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Have you ever been up to your neck in that black, gluey and smelly mud which abounds in the upper reaches of the Avon Estuary and around the salt marsh areas – thinking you might never escape its clutches and, somehow, might have to call the Coastguard for rescue if only you could get your hands free of the stuff? If so, you might want to withdraw your curses and instead sing its praises, rather like the old Flanders and Swan song – “Mud, Mud, Glorious Mud” – because, with the recent renewed level of interest in global warming, that black goo has now been reinvented as ‘Blue Carbon’.
Click on this link for a mud bath! YOU CAN SKIP THE ADVERTS! – https://www.youtube.com/watch?v=1QW85kfakJc
For an aerial view of some of the estuary mud, click here – https://www.youtube.com/watch?v=1ekZu202ZZo#action=share
According to the website at BlueCarbonPortal.org., ‘Blue carbon’ is the carbon stored and sequestered in coastal ecosystems such as mangrove forests, sea grass meadows or inter-tidal salt marshes. These valuable ecosystems hold vast carbon reservoirs; they sequester atmospheric CO2 through primary production, and then deposit it in their sediments. In fact, most blue carbon is found in the soils or sediments beneath the vegetation.
The rates of carbon sequestration and storage are comparable to (and often higher than) the sequestration rates in carbon-rich terrestrial ecosystems such as tropical rainforests or peatlands. Unlike most terrestrial systems, which reach soil carbon equilibrium within decades, deposition of carbon dioxide in coastal ecosystem sediment can continue over millennia. However, when these coastal ecosystems are degraded or destroyed they can become carbon dioxide sources due to the oxidization of biomass and organic soil.
Because coastal ecosystems do contain substantial amounts of carbon, and because this carbon is in danger of being released, they are important in mitigating climate change. Unfortunately, however, the rate of loss of mangroves, seagrasses and saltmarshes (driven mostly by human activities) is estimated to be among the highest of any ecosystem on the planet, prompting international interest in managing them more effectively for their carbon benefits.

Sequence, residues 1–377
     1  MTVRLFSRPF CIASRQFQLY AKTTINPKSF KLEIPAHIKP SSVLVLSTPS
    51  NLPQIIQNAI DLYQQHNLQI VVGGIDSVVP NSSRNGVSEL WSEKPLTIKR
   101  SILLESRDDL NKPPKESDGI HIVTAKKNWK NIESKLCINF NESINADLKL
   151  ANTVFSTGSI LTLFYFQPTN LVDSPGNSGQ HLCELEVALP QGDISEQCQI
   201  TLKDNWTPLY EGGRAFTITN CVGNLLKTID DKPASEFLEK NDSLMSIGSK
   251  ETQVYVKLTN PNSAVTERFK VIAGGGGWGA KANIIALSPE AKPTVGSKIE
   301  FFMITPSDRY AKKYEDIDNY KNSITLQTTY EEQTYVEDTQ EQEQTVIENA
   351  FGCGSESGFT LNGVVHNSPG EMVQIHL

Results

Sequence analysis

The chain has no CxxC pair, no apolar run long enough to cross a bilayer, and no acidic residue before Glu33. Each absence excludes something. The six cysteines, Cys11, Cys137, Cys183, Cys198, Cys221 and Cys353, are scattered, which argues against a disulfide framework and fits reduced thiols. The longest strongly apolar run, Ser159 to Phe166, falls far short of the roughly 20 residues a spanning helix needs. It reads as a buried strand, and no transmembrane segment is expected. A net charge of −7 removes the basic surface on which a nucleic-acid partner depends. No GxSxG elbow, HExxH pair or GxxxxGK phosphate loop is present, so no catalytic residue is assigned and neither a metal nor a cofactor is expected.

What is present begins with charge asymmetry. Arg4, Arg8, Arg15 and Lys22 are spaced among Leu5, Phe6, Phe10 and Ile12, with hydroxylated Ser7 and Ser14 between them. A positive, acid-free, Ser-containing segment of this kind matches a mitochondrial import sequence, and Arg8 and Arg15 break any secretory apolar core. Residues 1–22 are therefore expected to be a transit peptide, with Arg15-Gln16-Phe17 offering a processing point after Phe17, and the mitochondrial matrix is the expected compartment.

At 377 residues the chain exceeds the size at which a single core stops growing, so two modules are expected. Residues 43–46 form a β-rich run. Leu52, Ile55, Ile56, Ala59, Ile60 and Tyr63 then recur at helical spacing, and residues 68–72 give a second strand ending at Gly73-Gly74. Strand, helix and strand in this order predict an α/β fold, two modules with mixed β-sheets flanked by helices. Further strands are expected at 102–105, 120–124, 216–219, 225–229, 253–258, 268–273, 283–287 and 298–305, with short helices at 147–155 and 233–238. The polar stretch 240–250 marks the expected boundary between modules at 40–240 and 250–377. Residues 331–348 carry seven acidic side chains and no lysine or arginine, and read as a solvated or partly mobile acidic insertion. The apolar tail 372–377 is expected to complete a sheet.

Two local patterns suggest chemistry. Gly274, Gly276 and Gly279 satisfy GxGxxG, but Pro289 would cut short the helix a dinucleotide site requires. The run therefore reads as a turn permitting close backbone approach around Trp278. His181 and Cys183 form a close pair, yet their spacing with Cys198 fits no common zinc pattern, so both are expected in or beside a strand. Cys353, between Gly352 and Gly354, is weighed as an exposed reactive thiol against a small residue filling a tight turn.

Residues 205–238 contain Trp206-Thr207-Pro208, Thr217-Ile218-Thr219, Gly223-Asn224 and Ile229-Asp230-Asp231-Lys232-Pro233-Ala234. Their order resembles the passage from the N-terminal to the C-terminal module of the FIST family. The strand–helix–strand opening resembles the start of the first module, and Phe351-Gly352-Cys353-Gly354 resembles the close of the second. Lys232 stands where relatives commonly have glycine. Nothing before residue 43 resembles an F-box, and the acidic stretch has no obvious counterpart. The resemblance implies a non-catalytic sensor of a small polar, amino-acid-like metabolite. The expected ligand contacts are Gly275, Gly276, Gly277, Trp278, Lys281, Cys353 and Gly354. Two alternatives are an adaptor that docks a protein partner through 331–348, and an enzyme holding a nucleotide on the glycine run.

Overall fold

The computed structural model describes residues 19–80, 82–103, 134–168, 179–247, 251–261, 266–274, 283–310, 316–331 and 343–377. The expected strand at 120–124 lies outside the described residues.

Although the Avon Estuary’s contribution to carbon sequestration may be small on a planetary scale, that contribution to conservation strengthens the argument for its designation by Natural England as one of the new Marine Conservation Zones and for the inclusion of the embryonic salt marsh at South Efford within its boundary.
Those anaerobic bugs thriving in the mud, locking up carbon, could be the saviours of our planet. Disturb them at your peril!!! GLORIOUS MUD indeed!
South Hams CVS has a lot going on in November, most of it is FREE. Come and join us!
Please share this email with any others who maybe interested – trustees, volunteers, committees and staff
South Devon Advice Network 8 November 10-1 Buckfast. Topics include: Illegal money lending & lone sharks, updates on Universal Credit. If you are a community group helping vulnerable people this FREE information & networking event is for you! Book at https://sdadvice.eventbrite.co.uk
Volunteer Organisers Forum – Focus on Youth Volunteering 15 November 2-4.30, Ivybridge Library. A chance to network, troubleshoot and share ideas for all who work with or manage volunteers in the South Hams. Book your FREE place at firstname.lastname@example.org
Customer Service for Groups 27 November 10-1 Ivybridge £15 voluntary groups in the South Hams; £25 other organisations https://shcvscustomerservice.eventbrite.co.uk
Introduction to Peer Mentoring (2 day course) – 28 November & 5 December 10-3, Totnes FREE + travel bursaries available (£10 deposit required to be returned on completion) To reserve your place or to discuss further email email@example.com or call Kate on 07562 336409
Kingsbridge & District Caring Alliance – 28 November 10-12.30 Erme Yealm Caring Alliance – 30 November 10-12.30 – These South Hams Caring Alliance meetings are for community groups and statutory organisations who are working in the towns & villages with individuals who have health problems to create links and share ideas. Contact firstname.lastname@example.org for further information about meetings
And…..Look out for our themed ‘CVS POP UP!’ sessions coming in the NEW YEAR J
South Hams Community & Voluntary Services (CVS)
The Mansion, 36 Fore Street, Totnes TQ9 5RP
Here’s the latest, bumper edition of our popular e-newsletter Our News from Neighbourhood Watch.
Read about our new report on what makes a good neighbour in modern Britain and find lots of fantastic advice on keeping you safe. There’s also member offers and lots more!
NWN Central Support Team
We would like to make you aware that we have received reports of bogus court/solicitors/summons emails being sent which contains a link. We do not know the intention of this email, but it could be an attempt to install malware on your computer to gain access to data or your personal information.